Under the Civil Procedure Rules2 the Court of Appeal must be certain that the judge was wrong if it is to allow an appeal. As the Court of Appeal noted in its judgment, it must be cautious about overturning a trial judge and, in the case of a specialist judge (such as in this case) even more cautious. It referred to the decision by the House of Lords in Biogen v Medeva3 where it was held this "is because specific findings of fact, even by the most meticulous judge, are inherently an incomplete statement of the impression which was made upon him by the primary evidence. His expressed findings are always surrounded by a penumbra of imprecision as to emphasis, relative weight, minor qualification and nuance (as Renan said, la vérité est dans une nuance), of which time and language do not permit exact expression, but which may play an important part in the judge's overall evaluation."

A finding of obviousness is a finding of fact and therefore must be based on evidence. In relation to obviousness, the primary evidence is that of the expert; all other evidence is secondary. In an earlier case in the Court of Appeal relating to the validity of a patent, Panduit v Band-IT4, Lord Justice Aldous had followed this when allowing an appeal against a finding of obviousness. In that case there was no relevant primary evidence on which the judge could have relied in coming to his finding – the judge had started from knowledge of the invention and concluded that to arrive at the inventive step the notional skilled person would have to have taken two earlier steps. From this the judge postulated, without expert evidence, that those two steps would have been contemplated by the skilled person. The judge then came to the view that the secondary evidence was not such as to cause his conclusion to be revised.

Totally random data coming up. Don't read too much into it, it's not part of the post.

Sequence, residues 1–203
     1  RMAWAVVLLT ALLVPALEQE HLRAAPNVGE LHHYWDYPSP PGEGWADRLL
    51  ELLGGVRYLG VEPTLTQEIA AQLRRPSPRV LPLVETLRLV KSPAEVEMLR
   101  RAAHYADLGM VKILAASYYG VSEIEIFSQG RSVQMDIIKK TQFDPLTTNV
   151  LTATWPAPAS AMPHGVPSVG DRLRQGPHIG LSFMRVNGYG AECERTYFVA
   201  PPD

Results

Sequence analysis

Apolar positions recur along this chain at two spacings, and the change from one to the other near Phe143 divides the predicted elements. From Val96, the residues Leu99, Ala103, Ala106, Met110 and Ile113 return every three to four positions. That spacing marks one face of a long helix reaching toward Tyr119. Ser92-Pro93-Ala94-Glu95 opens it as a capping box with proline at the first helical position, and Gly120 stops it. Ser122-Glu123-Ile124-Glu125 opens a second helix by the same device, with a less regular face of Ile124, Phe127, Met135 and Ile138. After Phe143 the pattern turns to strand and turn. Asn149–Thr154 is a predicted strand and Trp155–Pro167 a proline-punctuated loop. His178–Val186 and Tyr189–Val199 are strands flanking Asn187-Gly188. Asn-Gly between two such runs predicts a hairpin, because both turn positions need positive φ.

The Court of Appeal held that the present case parallels Panduit to an extent but in the present case there was primary evidence, namely that from Brightwake's expert, that the embodiment which the Patents Court judge relied on for his finding of obviousness was in fact not obvious5. Thus in finding the patent invalid for obviousness the judge had made an error of principle by not taking into account the mindset of the skilled addressee.


It is worthwhile noting that the UK Intellectual Property Office did not exercise its right to appear at the appeal. Accordingly, as the only party appearing, it was incumbent on Mölnlycke to properly and fairly present the case to the Court of Appeal – and to clearly demonstrate that the first instance judge was wrong, both on the application of the specific facts and that this meant his overall decision regarding validity was wrong


1. Lord Justices Ward, Etherton and Lewison, with Lewison LJ giving the principal judgment

2 CPR 52.11(3)

3 [1997] RPC 1

4 [2002] EWCA Civ 465

5 The defendant had relied on a different combination

The content of this article is intended to provide a general guide to the subject matter. Specialist advice should be sought about your specific circumstances.